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There are a lot of people to thank for last week’s failure to pass the Obamacare replacement and repeal bill in the Senate, including the three Republican senators who broke with party lines to vote against the bill. But the role that activists played—particularly women and advocates for disability rights—cannot be overstated. For weeks, members of disability rights organization ADAPT have been literally putting their lives on the line, risking arrest and being dragged from their wheelchairs, to protest the draconian measure that threatens their lives as they know them.

On this week’s episode of Big Time Dicks, Jezebel features editor Kelly Stout and I talked to ADAPT’s Carrie Anne Lucas about her efforts protesting Trumpcare and what’s at stake for the disabled community if it comes to pass.

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One of the scariest aspects of the healthcare repeal and replacement bill is that it slashes funding for Medicaid, the largest public funder of long-term care for Americans. “Most middle-class people end up on Medicaid at the end of the life if they need long-term care,” Lucas explained. “And most disabled people who need day-to-day assistance end up on Medicaid because it’s the only payer that will fund attendant care that allows us to get out of bed, that allows us to cook our meals—I mean, for me, my attendant helps me get out of bed, take a shower, get dressed, helps me with grooming, helps me with breakfast. And then I go to work. Without Medicaid, I could not work.”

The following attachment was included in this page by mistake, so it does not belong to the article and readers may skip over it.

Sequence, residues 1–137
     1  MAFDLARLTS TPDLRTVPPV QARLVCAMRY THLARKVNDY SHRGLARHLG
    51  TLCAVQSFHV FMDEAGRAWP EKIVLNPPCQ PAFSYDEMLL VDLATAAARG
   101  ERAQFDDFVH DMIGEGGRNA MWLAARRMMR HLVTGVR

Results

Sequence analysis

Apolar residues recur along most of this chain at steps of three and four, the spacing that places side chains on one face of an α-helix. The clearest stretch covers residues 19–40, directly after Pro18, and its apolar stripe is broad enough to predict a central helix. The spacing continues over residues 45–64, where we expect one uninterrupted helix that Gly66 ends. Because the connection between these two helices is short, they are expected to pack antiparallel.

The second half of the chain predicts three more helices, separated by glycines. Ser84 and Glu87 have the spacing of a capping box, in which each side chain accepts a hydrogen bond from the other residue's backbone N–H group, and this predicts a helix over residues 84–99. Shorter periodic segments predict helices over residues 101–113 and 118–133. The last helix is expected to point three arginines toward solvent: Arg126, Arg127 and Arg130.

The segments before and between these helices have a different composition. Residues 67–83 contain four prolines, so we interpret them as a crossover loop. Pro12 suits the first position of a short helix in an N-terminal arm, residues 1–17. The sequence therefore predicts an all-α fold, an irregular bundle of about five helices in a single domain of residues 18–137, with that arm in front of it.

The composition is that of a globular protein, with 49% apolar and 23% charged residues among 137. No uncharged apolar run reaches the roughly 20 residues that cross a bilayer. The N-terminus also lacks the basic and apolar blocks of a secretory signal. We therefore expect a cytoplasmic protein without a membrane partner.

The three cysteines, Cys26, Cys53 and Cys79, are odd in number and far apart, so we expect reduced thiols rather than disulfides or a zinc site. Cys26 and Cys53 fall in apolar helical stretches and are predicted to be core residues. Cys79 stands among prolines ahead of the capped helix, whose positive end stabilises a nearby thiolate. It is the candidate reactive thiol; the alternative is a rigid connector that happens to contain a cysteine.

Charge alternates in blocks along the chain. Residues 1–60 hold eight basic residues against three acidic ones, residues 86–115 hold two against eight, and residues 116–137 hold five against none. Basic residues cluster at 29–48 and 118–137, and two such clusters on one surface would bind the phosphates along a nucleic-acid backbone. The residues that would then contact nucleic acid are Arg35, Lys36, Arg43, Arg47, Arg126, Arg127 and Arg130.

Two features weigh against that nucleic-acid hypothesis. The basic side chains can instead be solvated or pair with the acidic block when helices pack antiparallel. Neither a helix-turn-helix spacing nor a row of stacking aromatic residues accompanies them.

In addition to protesting the healthcare repeal and replacement bill, ADAPT has been fighting Republican budget cut proposals and block-granting Medicaid, which would cap federal contributions and turn the program over to states. “With the budget, there’s discussions of great cuts. Block-granting is a disaster, because even though we are a small number of the enrollees on Medicaid, people who use long-term care services—we cost the most for services, so when they start cutting funds, our services get cut, which means we can’t remain in our homes,” she said.

If Medicaid funding shrinks, more and more people with intellectual and physical disabilities will be forced into state-funded institutions, where they lose the ability to work and live independently. Describing horrific instance of sexual and physical abuse, Lucas explained too that “so many people experience abuse and neglect” when sent to nursing homes and other institutions.

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“When you start moving tens of thousands of people into institutions because of Medicaid block-granting, the situation will be much worse,” she said. “Medicaid is a pathway to live in the community.”


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